Recently there was a thread on the Writing Program Administrator’s discussion board (WPA-L) in which first year writing instructors at the college level were complaining about receiving large numbers of essays that used ethos, logos, and pathos in ineffective ways. One respondent said that “it seems to have become the new five paragraph essay.” In ERWC, we offer these concepts as a set of analytical tools that allow students to become aware of the claims made on them by the writers of the documents they read. Instead, for some students, the Aristotelian appeals seem to have become a new essay formula.
I asked tutors and instructors on my campus if they were also seeing large numbers of ineffective essays that were framed by ethos, logos, and pathos. They confirmed that they were. One instructor told me that he now routinely says to students “Less pathos! More logos!” This is a recent phenomenon.
In a sense, this is success. Students are acquiring concepts and transferring them to other situations. However, from these reports, some of the transfer is negative and inappropriate. This is a big problem.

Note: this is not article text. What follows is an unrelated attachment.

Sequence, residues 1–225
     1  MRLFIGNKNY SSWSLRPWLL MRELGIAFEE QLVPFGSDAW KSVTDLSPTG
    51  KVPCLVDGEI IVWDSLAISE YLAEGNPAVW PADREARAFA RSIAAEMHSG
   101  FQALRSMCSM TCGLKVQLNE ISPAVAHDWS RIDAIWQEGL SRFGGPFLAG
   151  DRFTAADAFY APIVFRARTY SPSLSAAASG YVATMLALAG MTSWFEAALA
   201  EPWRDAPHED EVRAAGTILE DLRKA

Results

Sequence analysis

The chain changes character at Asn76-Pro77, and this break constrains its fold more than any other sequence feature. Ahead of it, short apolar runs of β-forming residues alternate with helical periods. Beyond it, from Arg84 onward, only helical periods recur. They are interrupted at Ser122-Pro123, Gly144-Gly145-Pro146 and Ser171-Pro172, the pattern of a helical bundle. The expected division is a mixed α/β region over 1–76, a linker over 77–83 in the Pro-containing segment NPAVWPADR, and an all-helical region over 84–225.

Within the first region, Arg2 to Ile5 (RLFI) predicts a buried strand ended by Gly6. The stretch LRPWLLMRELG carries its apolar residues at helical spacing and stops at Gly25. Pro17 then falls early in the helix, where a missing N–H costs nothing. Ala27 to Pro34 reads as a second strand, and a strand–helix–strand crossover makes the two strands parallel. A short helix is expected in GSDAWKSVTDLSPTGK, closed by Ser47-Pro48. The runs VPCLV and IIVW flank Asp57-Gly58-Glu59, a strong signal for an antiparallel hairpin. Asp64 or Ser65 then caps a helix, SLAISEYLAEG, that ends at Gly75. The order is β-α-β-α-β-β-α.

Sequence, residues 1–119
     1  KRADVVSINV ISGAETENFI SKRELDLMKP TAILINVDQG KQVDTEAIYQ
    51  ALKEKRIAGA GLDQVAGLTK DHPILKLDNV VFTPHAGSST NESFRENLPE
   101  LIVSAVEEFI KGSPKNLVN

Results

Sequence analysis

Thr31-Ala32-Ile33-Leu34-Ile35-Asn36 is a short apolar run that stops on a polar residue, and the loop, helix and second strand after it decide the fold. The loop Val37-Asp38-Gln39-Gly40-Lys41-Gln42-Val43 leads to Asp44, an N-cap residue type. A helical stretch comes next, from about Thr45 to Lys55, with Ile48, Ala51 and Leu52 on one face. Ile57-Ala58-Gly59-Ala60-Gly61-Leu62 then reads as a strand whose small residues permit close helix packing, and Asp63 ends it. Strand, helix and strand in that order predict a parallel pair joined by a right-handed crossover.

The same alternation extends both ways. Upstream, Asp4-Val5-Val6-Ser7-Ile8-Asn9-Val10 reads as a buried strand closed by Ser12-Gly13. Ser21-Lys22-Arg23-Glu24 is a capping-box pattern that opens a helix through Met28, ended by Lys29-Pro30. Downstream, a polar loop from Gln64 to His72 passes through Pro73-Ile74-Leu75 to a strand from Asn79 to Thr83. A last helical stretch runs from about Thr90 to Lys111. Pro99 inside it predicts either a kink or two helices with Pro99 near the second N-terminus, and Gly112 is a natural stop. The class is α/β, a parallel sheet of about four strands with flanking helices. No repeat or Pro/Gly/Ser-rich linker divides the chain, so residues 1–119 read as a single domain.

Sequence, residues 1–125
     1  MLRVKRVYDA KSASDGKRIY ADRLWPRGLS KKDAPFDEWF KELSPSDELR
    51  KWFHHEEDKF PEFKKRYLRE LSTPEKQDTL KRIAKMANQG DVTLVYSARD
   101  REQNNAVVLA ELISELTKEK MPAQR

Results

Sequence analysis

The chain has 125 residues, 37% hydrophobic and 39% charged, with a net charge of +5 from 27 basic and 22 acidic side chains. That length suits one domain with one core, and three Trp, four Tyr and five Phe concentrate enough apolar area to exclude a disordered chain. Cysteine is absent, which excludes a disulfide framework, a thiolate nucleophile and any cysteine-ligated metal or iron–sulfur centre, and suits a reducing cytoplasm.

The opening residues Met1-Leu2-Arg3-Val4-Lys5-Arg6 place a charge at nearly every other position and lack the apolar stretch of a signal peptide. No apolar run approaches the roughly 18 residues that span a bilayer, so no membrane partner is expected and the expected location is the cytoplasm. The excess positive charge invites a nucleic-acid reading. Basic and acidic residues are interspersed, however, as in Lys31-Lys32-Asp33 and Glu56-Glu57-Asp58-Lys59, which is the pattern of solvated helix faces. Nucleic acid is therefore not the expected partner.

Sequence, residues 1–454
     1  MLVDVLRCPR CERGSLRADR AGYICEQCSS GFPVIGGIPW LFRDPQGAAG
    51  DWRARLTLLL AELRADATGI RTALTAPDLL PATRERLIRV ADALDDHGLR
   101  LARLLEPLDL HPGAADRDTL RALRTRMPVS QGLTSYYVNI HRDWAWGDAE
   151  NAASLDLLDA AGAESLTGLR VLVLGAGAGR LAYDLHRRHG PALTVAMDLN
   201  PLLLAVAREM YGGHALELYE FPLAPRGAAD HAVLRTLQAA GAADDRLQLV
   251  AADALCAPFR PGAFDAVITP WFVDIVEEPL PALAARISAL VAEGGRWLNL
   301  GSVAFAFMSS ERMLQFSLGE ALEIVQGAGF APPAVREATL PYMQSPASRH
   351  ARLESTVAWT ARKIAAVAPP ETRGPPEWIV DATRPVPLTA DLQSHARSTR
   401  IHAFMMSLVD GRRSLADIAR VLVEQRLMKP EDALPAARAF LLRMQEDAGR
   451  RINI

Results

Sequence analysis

The Aristotelian appeals are only a part of a rhetorical approach. Aristotle says that rhetoric is “the art of finding the available means of persuasion.” The most important factors in any rhetorical analysis are audience and purpose. The first questions the student should ask are “Who is the audience?” and “What is the writer trying to accomplish?” not “Where is the ethos?” “Where is the pathos?” and “Where is the logos?”
After audience and purpose, the student needs to explore the issue. How is the issue defined? Who are the parties involved? What is the writer’s position? What are the arguments in favor of it? What are the arguments against it? What are other possible positions? What are the possible consequences? These questions all can be seen as coming under the heading of logos, but the answers may not all be in the text under study. To come up with counter-arguments and alternative positions, the student may have to think outside the text.
Ethos and pathos are also modes of persuasion, not necessary ingredients. Is the text more persuasive because of the way that the writer has constructed his or her ethos? Then we might look at the elements that construct that ethos. Does the writer make moves that invoke the reader’s emotions? We might want to look at how that is done and why the writer did it. However, a writer, such as a scientist, may choose to persuade entirely through facts and arguments and leave character and emotion behind.
In a future post I will explore how the Roman concept of stasis theory might be helpful in analyzing issues. Remember, “Less pathos! More logos!”